Filmmaker Vlada Knowlton established herself as a cogent, empathetic documentarian with Having It All, an hour-long doc about modern women balancing career, relationships and childhood that became the flagship of Seattle PBS affiliate KCTS-9’s Women Who Inspire documentary series. But The Most Dangerous Year, the Seattle-based writer and director’s latest feature-length film, hits especially close to home.
On the face of it, The Most Dangerous Year is a non-fiction chronicle of the fight against SB 6443 and I-1515, the notorious anti-transgender “bathroom bills,” the latter spearheaded by conservative Northwest activist Joseph Backholm. But it’s also an absorbing piece of human-interest journalism that offers an affecting glimpse into the lives of several trans children, including Knowlton’s own five-year-old daughter Annabelle.
Given the immediacy of the topic to its maker, The Most Dangerous Year is surprisingly evenhanded, acknowledging the role that fear and ignorance play in anti-trans sentiment without demonizing. Even Backholm’s cynical attempts to manipulate the ballot-initiative procedure are covered with the kind of measured observation that brings the point home without hammering it into viewers.
Knowlton sat down to discuss her challenges as a parent of a transgender child, the path that led her to direct The Most Dangerous Year and the thread of hope running through her cinematic labor of love.
How did The Most Dangerous Year come about?
Well before I even had it in mind to do a movie about this subject, my husband and I had our third child. And at some point, we realized she was not who we thought she was. I’m smiling now, but it was a very turbulent time for us. Eventually, when we came out the other side, we had a happy family and a happy child.
I knew my friend Aidan Key from a support group I’d joined for parents of transgender kids called Gender Diversity. He knew I was a filmmaker, so he came to me out of the blue and said, “There’s some really bad stuff that’s about to happen to all of us.” This was right before 2016, and he said, “I really need your help here. We’re under attack at this point.”
I knew he was right. And at that point, it became not about me deciding what’s OK for me to do, personally. This was way bigger than me at that point. And I could definitely see that: If I don’t do it, who else is gonna do it? Nobody had access to the people and to all of this information that I did. I was part of this community, and at that point, it became an obligation.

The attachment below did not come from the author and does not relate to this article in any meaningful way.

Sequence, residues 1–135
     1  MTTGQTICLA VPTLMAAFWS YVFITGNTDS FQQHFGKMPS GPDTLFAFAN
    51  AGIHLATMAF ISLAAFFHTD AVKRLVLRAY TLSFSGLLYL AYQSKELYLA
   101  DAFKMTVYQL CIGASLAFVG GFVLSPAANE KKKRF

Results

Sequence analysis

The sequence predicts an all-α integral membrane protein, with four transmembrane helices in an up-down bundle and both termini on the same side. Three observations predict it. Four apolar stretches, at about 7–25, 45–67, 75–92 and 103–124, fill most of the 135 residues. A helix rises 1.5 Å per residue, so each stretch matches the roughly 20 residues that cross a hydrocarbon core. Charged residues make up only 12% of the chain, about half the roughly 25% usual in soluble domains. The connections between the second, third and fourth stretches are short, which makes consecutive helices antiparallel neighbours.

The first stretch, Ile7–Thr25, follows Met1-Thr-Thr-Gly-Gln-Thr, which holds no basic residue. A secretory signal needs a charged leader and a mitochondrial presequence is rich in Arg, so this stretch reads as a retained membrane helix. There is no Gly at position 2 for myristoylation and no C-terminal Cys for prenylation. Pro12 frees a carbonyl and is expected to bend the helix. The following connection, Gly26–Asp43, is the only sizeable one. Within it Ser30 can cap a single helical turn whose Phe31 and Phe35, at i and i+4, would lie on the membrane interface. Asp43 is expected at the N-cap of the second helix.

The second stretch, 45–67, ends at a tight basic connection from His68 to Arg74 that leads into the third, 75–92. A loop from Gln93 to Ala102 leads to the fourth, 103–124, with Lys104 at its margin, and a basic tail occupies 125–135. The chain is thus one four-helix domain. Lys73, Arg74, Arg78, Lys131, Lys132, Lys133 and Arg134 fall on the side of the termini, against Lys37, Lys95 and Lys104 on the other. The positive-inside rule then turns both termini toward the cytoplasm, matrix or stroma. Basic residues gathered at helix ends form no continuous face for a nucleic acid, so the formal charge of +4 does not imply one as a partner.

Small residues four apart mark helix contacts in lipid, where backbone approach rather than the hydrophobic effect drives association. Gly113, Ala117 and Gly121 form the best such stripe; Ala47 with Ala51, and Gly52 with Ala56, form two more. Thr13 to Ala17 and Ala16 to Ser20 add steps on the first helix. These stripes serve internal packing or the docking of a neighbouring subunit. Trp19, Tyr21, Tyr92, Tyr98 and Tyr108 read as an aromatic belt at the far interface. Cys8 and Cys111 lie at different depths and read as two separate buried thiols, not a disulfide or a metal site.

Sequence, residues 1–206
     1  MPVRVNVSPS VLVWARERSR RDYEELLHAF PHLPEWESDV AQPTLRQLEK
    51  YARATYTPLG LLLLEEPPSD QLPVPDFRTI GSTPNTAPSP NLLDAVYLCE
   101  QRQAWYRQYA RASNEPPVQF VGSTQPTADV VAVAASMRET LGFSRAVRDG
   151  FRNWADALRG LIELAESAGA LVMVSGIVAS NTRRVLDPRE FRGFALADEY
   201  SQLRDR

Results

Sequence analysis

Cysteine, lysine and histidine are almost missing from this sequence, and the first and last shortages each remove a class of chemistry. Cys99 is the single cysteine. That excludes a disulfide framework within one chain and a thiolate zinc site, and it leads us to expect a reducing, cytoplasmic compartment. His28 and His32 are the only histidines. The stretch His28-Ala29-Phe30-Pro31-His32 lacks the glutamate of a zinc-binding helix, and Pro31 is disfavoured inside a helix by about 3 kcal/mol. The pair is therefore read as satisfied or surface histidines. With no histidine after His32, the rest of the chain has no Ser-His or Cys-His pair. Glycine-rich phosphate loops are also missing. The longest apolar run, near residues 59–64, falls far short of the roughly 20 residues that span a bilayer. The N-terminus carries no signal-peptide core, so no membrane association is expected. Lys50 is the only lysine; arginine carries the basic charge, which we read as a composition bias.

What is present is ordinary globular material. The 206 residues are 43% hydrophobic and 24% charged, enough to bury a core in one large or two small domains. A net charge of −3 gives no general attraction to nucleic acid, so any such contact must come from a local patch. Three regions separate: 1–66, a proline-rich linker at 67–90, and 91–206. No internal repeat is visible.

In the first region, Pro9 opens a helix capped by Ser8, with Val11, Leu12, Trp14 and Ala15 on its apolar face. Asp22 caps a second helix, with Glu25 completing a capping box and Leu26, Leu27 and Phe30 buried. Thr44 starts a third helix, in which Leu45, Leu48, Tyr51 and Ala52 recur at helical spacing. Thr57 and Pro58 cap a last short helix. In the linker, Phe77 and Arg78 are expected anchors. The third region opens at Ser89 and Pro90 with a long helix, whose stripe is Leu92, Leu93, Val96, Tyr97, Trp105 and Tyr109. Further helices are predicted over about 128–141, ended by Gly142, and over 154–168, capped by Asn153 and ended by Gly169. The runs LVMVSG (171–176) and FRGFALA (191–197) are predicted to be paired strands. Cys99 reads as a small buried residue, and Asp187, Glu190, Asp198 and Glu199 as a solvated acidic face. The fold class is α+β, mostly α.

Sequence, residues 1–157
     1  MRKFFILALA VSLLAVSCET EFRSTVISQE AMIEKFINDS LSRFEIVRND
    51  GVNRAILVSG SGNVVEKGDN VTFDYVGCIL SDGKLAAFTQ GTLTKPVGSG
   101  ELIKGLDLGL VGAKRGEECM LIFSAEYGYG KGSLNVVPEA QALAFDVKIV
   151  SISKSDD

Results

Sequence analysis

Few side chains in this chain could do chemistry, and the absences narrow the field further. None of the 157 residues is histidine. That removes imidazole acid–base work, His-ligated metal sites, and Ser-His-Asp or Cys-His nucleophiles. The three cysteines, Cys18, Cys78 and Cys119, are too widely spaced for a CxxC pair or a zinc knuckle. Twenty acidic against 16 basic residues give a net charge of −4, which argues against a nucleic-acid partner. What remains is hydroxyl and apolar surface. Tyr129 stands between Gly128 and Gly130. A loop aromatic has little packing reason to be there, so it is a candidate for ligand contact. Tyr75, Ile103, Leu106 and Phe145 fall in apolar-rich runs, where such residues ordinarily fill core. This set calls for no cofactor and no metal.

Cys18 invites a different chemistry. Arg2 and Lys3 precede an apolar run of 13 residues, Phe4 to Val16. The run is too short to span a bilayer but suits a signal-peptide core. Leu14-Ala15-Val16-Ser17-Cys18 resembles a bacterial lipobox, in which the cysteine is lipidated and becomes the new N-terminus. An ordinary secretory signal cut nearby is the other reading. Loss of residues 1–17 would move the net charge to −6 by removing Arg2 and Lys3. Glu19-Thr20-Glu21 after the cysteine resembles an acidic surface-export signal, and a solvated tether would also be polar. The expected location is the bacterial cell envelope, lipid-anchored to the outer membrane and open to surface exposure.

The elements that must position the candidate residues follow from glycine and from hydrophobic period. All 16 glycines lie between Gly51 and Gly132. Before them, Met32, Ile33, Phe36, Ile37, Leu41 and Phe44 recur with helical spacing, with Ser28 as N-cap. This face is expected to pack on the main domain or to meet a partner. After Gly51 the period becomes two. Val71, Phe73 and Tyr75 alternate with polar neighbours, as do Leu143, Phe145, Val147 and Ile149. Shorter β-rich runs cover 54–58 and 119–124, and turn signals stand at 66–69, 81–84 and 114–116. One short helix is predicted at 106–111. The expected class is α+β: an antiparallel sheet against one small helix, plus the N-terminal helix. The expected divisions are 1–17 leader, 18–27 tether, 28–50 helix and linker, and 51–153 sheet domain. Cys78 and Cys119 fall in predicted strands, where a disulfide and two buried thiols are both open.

What was the process bringing in other parents of trans kids to tell their stories?
I knew them from the support group. Gender Diversity has hundreds of families involved. They were the ones who I knew were friends but also happened to be public, so they were already coming out to be public activists for their children. It’s not that easy to find parents of trans kids who are willing to talk in public about it. We’re all taking a risk by doing it, but we’re all doing it because we feel like you have to when you’re fighting for civil rights. You can’t be silent.
You’ve constructed a focused story from what must’ve been a wealth of material. What didn’t make it to the finished film?
There are a few things I decided not to include. But one of the key things I consciously decided to leave out—and not everyone agrees with this decision—was a lot of the footage of trans opponents that was showing a really dark and ugly side to the whole argument. I made the decision to put their best foot forward, to lay out in a very calm, reasonable manner the best possible arguments that they had presented. Because in my mind, even the most sensible, reasonable and intelligent arguments they can provide still don’t hold up.
This issue really stretches across party lines in unexpected ways. I was surprised to hear former Georgia ACLU Director Maya Dillard Smith taking an impassioned stance in favor of the bathroom bills.
And then there’s Senator Joe Fain, a Republican, whose vote became the deciding factor in the failure of the bills. That was a brave thing for him to do.
Did you see any anti-trans people change their opinions while you were filming the movie?
Well, there are different layers of anti-trans-ness, I suppose. The people on the extreme opposing end, the Joseph Backholms of the world, are most likely gonna go to their graves thinking what they’re thinking.
But there’s a spectrum there. You get to the middle of the spectrum and it’s just a lot of people who don’t have a lot of information. And when that information was available to them, I saw some wheels turning in their heads. You could see their fear getting chipped away.